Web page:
Background: Dr. Lampidis’ groundbreaking cancer research is founded on the following facts: Solid tumors (carcinomas) consist of an outer shell of fast-growing cells and an inner core of slow-growing cells. Although standard chemotherapy attacks the fast-dividing cells, it cannot distinguish between normal and cancerous cells. That is why cancer patients treated with chemotherapy lose their hair, suffer low blood counts, and experience diarrhea and vomiting. Those are the normal tissues in the body that contain the rapidly dividing cells.
The Problem: Since chemotherapy works by interfering with the dividing machinery of cells, it cannot effectively eliminate the slow-growing cells found within the inner core of all solid tumors. It is these slow-growing cancer cells which contribute to the regrowth of the outer cells after treatment. Most importantly, these inner core tumor cells are responsible for metastasis which leads to the spread of the tumor to various parts of the body. Fortunately, however, slow-growing tumor cells have inadequate blood supplies and thus low oxygen (hypoxia). This means they must use much more sugar than normal cells to provide the energy they need to survive, a process known as glycolysis.
The Solution: Dr. Lampidis hypothesized he could “trick” these hypoxic tumor cells by feeding them “false” sugars, such as 2-DG (2-deoxyglucose), to keep them from metabolizing the actual sugar they need to survive. Because they do not have the necessary oxygen to use fats and proteins as alternative sources of energy, they would literally “starve to death.” Meanwhile, the normal cells would survive because they do metabolize these alternate sources (think about the Atkins Diet – when you lower your intake of carbohydrates [sugars] you burn fats and proteins instead).
Success to date: Dr Lampidis’ eureka moment led to two consecutive five-year awards from the National Cancer Institute, which stated in the reviews of his research that “Dr. Lampidis’ work could eventually lead to cures in certain cancers.” Based on his work, an FDA approved Phase I clinical trial was conducted to determine the tolerable dose level of 2-DG. Before they progress to a Phase II clinical trial, further work is required to investigate and develop the most efficient drug delivery method, eg: slow release pump, pill or diet. In addition, working in collaboration with Dr. Tim Murray, a leading expert in the investigation and treatment of children with eye cancer (retinoblastoma) formally at the Bascom Palmer Eye Institute, Dr. Lampidis and his colleagues have demonstrated that 2-DG raises the efficacy of the chemotherapeutic agent (carboplatin) used to treat this disease. Moreover, using pimonidazole, which identifies hypoxic tumor cells, they have provided the first proof of principle that indeed 2-DG, but not carboplatin, targets and kills the hypoxic portion of this tumor. Based on these very encouraging in vivo results, they plan to begin a pilot Phase I trial in patients whose eyes cannot be saved by current treatments.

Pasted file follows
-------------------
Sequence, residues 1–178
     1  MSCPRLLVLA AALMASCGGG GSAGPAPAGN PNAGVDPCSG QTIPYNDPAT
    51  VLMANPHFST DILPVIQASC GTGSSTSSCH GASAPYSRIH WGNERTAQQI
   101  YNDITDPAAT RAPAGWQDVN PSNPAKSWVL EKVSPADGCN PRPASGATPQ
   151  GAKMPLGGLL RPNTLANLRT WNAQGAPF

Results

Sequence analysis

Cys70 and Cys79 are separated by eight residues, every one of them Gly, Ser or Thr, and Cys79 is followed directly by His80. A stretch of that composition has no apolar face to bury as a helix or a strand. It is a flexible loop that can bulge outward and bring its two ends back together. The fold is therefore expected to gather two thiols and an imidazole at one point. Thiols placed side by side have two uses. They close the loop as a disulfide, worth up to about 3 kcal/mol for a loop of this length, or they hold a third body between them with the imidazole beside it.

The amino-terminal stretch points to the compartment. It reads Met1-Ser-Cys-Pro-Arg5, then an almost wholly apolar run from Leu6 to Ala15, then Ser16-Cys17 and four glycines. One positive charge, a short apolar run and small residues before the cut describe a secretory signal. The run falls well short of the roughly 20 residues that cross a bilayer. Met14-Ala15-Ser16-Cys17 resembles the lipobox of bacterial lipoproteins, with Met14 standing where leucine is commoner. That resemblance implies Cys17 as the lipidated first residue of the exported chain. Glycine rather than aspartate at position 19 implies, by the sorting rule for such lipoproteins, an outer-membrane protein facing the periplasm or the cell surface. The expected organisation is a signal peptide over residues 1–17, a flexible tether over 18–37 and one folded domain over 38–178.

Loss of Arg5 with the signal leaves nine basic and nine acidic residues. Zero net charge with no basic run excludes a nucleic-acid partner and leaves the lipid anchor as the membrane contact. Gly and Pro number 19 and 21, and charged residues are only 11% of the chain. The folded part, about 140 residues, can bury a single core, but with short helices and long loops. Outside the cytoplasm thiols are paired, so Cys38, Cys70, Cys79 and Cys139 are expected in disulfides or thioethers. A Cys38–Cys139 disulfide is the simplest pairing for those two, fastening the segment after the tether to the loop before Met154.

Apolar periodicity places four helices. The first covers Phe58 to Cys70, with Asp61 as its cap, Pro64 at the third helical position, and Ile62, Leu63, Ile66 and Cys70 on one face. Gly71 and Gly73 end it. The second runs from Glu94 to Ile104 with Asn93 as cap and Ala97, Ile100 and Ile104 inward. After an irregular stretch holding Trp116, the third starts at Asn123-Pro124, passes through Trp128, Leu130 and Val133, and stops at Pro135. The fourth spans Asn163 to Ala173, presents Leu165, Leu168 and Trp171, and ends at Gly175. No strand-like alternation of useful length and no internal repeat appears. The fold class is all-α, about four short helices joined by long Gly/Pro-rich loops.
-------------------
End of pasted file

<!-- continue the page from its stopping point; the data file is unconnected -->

Dr Theodore Lampidis: “I am convinced that the biochemical principles at the heart of our work are as fundamental as gravity. That is why I believe investigating tumor metabolism in general and glucose metabolism in particular, will lead to significant and real advances in the struggle we all one way or another face in fighting this devastating disease.”
We need your help: Our mission at the Lampidis Cancer Foundation is to bring the groundbreaking research of Dr. Theodore Lampidis through the clinical trial and testing phase so that this treatment protocol can begin to help those suffering from various types of cancer. If you are interested in supporting this vital work or would like to find out more, please visit www.lampidisfoundation.org or call us on +1.305.243.4846.